Accompanied by beautiful illustrations that BookBairn loves to pore over, spotting all her favourite creatures, this magical book really teaches little ones about acceptance, generosity and to empathise with others. 

And lastly I want to mention two books which I no longer have as I gave them to the school I worked in and the other to a friend's school, wanting as many children to read it as possible.


The Journey by Francesca Sanna is a beautiful and powerful depiction of a family’s flight to safety. In some places quite dark, this picture book is aimed at older children showing them the fear and terror of fleeing one's country in search of safety.

Me and My Fear also by Francesca Sanna is the story a young girl who has traveled to a new country and started a new school and her Fear tells her to be alone and afraid. She doesn't understand the language of the other children in her class, she feels isolated. And her Fear grows bigger and bigger. But one day she realises that she isn't alone in carrying around her Fear - the other children have them too! And when the children all play together the Fears become less intimidating and shrink to a manageable size. 

And finally a book that I want to read is My Name is Not Refugee by Kate Milner which having read about over on Acorn Books blog I am really interested to read and add to our bookshelves.

Some mighty powerful picture books on a subject that is so important to share with or children so they can empathise and see beyond themselves and their own experiences to teach them to reach out their hands and open their hearts to others.

Kim and the bairns x

Disclaimer: We were sent all these books free for review purposes by the publishers (except Welcome by Barroux which I bought myself). Words and opinions are my own. If you click on the title or image of the book you will be sent to using an affiliate link. This means that if you choose to purchase on, I will receive a small sum (around 20-70p per book) from amazon at no extra cost to you. I understand that you may not want to use an affiliate link, but if you like reading our blog please just think of it as a small tip for a tip-off to an awesome book. And know that your support means I can buy more books! For more information check out our 'For Our Readers' section.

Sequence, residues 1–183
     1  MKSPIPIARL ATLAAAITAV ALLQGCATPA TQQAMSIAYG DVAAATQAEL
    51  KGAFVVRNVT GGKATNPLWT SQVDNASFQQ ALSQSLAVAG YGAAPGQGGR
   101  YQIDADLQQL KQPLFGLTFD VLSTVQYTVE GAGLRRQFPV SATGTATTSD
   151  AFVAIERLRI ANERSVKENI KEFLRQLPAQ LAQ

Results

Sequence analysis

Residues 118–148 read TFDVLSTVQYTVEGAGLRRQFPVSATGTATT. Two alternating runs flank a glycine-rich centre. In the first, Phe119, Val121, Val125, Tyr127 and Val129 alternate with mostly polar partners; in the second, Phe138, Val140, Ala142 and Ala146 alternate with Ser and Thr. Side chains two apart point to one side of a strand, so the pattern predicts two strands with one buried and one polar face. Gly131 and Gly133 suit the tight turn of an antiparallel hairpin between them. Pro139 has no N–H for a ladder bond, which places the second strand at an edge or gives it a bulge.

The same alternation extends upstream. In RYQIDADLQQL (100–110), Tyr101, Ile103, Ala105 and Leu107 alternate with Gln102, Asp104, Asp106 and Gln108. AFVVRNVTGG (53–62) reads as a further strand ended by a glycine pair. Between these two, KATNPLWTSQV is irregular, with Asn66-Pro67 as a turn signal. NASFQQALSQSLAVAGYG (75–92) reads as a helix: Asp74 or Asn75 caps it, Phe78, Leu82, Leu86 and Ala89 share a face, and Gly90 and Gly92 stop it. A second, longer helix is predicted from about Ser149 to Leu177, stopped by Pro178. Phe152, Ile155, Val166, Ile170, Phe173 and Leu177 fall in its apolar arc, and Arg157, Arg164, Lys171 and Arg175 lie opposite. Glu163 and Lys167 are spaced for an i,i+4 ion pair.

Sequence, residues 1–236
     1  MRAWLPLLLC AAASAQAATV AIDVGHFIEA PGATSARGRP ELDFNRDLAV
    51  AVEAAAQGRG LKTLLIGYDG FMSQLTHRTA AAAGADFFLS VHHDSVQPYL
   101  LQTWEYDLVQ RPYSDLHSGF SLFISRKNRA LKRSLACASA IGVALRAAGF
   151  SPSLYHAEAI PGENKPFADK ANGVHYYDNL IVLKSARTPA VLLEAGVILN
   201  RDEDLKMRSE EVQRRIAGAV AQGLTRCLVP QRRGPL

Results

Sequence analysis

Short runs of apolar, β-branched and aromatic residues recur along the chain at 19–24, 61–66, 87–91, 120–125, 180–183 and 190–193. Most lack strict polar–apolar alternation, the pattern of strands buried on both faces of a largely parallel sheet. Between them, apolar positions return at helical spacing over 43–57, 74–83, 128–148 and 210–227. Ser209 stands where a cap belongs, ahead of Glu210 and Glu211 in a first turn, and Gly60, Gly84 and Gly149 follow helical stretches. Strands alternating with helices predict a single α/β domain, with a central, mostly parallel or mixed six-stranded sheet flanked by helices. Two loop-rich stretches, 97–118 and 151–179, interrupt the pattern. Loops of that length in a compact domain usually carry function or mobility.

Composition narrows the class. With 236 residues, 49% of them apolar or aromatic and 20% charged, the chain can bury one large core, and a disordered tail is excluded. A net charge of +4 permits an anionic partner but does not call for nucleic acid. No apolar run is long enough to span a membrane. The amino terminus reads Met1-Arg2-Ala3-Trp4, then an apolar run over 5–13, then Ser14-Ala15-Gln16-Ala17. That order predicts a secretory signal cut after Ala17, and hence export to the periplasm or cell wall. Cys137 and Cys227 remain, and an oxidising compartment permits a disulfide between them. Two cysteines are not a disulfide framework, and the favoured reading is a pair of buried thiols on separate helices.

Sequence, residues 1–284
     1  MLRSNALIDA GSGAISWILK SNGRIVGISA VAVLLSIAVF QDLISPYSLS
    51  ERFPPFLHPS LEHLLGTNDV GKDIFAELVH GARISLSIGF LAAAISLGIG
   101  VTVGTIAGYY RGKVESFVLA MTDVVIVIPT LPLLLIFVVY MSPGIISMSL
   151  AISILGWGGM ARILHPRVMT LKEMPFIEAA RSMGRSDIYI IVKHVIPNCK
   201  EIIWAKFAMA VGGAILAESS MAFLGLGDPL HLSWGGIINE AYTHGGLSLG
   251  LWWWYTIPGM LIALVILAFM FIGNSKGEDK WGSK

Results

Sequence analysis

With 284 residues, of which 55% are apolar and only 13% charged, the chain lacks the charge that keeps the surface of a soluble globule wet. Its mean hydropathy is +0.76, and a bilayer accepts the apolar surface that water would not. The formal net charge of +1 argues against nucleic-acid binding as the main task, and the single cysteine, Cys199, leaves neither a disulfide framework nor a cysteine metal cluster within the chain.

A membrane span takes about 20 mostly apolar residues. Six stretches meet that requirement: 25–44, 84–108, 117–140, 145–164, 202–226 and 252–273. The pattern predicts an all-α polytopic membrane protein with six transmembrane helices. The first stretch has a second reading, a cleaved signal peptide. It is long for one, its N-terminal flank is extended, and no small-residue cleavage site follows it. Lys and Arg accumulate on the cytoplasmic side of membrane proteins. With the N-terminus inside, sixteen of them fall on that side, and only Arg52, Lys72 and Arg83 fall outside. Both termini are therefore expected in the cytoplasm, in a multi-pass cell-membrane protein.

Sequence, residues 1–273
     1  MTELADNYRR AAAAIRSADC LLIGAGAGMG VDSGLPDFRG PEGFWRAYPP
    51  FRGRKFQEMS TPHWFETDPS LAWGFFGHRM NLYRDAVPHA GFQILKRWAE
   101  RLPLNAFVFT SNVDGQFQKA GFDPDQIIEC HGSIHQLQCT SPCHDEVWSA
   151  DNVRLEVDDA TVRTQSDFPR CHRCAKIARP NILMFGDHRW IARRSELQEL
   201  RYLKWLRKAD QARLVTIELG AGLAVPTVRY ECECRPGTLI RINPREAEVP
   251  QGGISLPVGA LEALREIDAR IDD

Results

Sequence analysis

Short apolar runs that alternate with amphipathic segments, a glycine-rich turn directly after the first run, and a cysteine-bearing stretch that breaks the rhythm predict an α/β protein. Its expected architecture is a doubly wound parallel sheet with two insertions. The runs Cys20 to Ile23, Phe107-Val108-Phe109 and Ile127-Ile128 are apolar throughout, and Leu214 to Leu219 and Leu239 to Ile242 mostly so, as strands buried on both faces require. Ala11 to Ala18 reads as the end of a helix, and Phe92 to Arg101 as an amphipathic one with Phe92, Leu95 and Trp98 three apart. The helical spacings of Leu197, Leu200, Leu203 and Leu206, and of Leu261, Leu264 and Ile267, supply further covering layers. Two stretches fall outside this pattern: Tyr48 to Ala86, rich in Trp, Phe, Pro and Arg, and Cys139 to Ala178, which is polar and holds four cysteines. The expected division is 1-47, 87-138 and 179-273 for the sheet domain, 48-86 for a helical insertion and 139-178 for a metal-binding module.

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  1. “To empathise with others” - if only more people could do this (I could include a rant about present day politicians here but will resist it).

    1. I know! Sometimes I think kids are better at this and we need to learn our lessons from them.

  2. What a wonderful selection of books and on such an important topic too. Having moved to France 2 years ago I now feel it would be good for every person to have the experience of being an immigrant for a year in their lives at least. It teaches us so much I think about people an the things that can bind us together such as love, kindness, laughter and food. I am tempted to read all the books you mention here. #ReadWithMe

    1. Absolutely! I lived in France for a year when I was a student too! Gosh I miss some of the food (in particular) so much!

  3. What a wonderful selection. I really like All Are Welcome. These would all work well in schools! #readwithme

    1. They all would be perfect for classes! All Are Welcome is a favourite of mine too!